"Every novel is about a crisis of faith — in one's self, one's partner, one's prospects — but novels about religious leaders often portray crisis in explicitly spiritual terms, and that can be hell. Too often, churchy language forces the rich ambiguity of good fiction to get 'left behind.' Lately, though, a few novels full of Christian faith have managed to transcend sectarian piety and speak to... Washington Post Book Review (read the entire Washington Post review) a large, diverse audience. Each year welcomes another splendid novel into the fold: Gail Godwin's 'Evensong,' Rachel Basch's 'The Passion of Reverend Nash,' Marilynne Robinson's 'Gilead.' And now, from Elizabeth Strout, comes 'Abide With Me,' a deeply moving story about a Congregational minister stunned by the death of his wife. As she did in her best-selling debut, 'Amy and Isabelle,' Strout sets her second novel in a small New England town, whose natural beauty she returns to again and again as this tale unfolds against the background of the Cold War tensions of the 1950s. She concentrates on the gentle comedy and muffled tragedy among people who live and work and pray so close together that every sigh blows against someone else's face. Her hero is Rev. Tyler Caskey, a friendly, thoughtful widower just barely carrying on with the duties of fatherhood and church. Though he tries to hide it, his parishioners' problems look petty through the fog of his grief. Meanwhile, his beloved elder daughter, 5-year-old Katherine, is starting to feel like a cross to bear. In the months following her mother's death, she has stopped speaking, she cries and screams at school, and she wets her bed at night. Her teachers, portrayed in all their perky condescension, begin drawing up plans for psychological treatment; neighbors swap shocking stories of her behavior, their concern stained with self-righteousness. Largely oblivious to all these maneuvers and blinded to the severity of his daughter's condition by the depth of his sorrow, Tyler remains committed to earnest prayer. He befriends the simple, depressed woman who cleans his house without considering how this friendship might look to his nosy parishioners. Instead of attending to these brewing tensions, he turns for inspiration to the writings of Dietrich Bonhoeffer, the Lutheran pastor who resisted the Nazis. But Bonhoeffer's extraordinary example only exacerbates Tyler's sense of inadequacy. 'If Bonhoeffer could spend a year in a prison cell,' Strout writes, 'only to find himself taken naked out into the woods to be hanged, then he, Tyler Caskey, could pay his debts, care for his children, and do his job.' It's an entirely reasonable conclusion, except that it demands subjecting himself to the kind of standard he cannot endure. Raised on a strict doctrine of self-sacrifice and consideration for others, Tyler suffers through this dark period entirely unable to ask for assistance or tend to his own needs. What's most distressing to him is that his sense of God's presence, 'the profound and irreducible knowledge that God was right there,' now seems beyond his perception. 'He hoped these days,' Strout writes, 'to have a moment of exalted understanding come to him as the "chance" result of his disciplined prayer, (but) no, Tyler was earthly bound.' Strout portrays this spiritual agony with tenderness and a deep respect for the faith that Tyler believes will someday bring him solace. What an extraordinarily delicate position this is for an author of modern literary fiction. One careless move and the whole novel crystallizes into something shiny and doctrinaire — or, just as bad, dissolves into the pool of sophisticated cynicism about traditional Christian faith. The story frequently shifts away from Tyler's travails to catch snippets of the conversations swirling around town, in various degrees of concern and outrage, about the minister's withdrawn behavior. I can't recall a more incisive portrayal of the casual cruelty of gossip, but Strout has no interest in making villains. Tyler's critics have their own problems: marriages grown cold and sullen, illnesses that offer no relief but death, crippling anxieties about the future. The organist and her husband, a deacon, have come to blows, each of them deeply resentful of the other's unhappiness. Even the flashback of Tyler's marriage, cut short by a fast-moving cancer, shows a relationship wholly at odds with his idealized memory of it. Dark as much of this beautiful novel is, there's finally healing here, and, as Tyler should have known, it comes not from strength and self-sufficiency but from accepting the inexplicable love of others. In one beautiful page after another, Strout captures the mysterious combination of hope and sorrow. She sees all these wounded people with heartbreaking clarity, but she has managed to write a story that cradles them in understanding and that, somehow, seems like a foretaste of salvation. Ron Charles is a senior editor of The Washington Post Book World." Reviewed by Ron Charles, Washington Post Book World (Copyright 2006 Washington Post Book World Service/Washington Post Writers Group)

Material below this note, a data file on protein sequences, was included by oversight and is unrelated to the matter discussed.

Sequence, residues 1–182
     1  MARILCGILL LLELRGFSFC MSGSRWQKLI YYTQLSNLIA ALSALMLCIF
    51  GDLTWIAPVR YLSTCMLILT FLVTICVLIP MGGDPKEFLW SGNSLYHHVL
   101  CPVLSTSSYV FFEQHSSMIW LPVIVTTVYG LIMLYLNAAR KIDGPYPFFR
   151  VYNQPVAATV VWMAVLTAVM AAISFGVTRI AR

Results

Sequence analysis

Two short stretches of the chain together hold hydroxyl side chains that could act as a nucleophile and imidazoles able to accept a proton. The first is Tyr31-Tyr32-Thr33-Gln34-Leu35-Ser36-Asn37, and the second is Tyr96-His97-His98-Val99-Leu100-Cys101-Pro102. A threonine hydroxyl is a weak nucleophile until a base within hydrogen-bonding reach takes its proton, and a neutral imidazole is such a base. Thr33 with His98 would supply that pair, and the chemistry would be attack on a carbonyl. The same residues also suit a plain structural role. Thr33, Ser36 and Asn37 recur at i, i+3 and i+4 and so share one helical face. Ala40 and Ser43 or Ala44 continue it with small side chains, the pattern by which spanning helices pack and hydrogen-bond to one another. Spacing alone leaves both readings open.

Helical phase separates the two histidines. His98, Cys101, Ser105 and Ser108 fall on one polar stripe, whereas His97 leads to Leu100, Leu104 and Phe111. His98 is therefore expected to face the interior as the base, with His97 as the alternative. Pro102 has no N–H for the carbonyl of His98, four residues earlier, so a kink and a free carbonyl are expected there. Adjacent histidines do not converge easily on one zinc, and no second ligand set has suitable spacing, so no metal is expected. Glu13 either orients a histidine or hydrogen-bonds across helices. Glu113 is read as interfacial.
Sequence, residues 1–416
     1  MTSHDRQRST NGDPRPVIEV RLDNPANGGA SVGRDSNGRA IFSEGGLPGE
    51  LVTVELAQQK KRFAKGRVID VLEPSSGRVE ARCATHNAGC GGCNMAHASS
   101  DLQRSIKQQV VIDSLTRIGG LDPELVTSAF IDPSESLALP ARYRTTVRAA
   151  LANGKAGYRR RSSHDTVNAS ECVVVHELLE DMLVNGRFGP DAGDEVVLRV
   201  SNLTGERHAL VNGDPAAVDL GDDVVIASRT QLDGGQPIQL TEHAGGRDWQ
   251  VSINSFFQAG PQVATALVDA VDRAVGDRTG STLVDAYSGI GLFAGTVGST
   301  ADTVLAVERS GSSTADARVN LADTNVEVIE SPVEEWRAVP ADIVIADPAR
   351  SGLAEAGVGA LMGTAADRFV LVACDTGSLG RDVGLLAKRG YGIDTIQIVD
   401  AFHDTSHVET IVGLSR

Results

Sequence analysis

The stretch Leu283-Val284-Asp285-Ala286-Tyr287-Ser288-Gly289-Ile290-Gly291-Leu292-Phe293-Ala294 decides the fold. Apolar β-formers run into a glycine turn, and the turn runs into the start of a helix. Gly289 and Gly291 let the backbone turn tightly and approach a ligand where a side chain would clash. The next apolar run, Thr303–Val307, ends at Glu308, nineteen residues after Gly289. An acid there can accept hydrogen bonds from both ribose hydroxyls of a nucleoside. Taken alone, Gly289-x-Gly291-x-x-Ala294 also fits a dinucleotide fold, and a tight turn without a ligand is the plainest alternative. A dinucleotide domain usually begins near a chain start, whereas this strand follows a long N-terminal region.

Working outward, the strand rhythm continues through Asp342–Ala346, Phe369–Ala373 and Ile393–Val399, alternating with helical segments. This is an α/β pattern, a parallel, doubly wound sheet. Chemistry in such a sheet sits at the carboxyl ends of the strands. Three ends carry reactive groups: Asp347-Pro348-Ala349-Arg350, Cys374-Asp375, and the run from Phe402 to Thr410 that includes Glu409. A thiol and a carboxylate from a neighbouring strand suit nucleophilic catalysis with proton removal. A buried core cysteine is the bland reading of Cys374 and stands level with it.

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"[A] quiet, graceful second novel...earnest, introspective, and prone to occasional outbursts of deeply felt emotion....Readers who enjoyed...Amy and Isabelle will find much to move them in this tale..." Booklist
"[T]he redemptive ending doesn't quite make up for the gloom and spitefulness of the preceding pages. A melancholy tale of faith lostand found and an unhappy look at small-town life." Kirkus Reviews
"[R]adiates a humane, life-affirming warmth....Abide With Me is a book to curl up with on a bleak day, a book that isn't embarrassed to assert that 'where there are people, there is always the hope of love.'" San Francisco Chronicle
"[D]eeply moving....Dark as much of this beautiful novel is, there's finally healing here...In one beautiful page after another, Strout captures the mysterious combination of hope and sorrow." Washington Post
"Abide with Me is at times a melancholy novel whose events often leave the reader feeling bereft. But, in the end, Tyler Caskey remains true to his ideals, and this fact is deeply satisfying." Charlotte Observer
"Readers will embrace this touching novel about the nature of faith and the responsibilities of community and family." San Antonio Express-News
About the Author
Elizabeth Strout's first novel, Amy and Isabelle, won the Los Angeles Times Art Seidenbaum Award for First Fiction and the Chicago Tribune Heartland Prize, and was a finalist for the PEN/Faulkner Award as well as the Orange Prize in England. Her short stories have been published in a number of magazines, including the New Yorker. Currently she is on the faculty of the low-residency M.F.A. program at Queens University in Charlotte, North Carolina. She lives in New York City.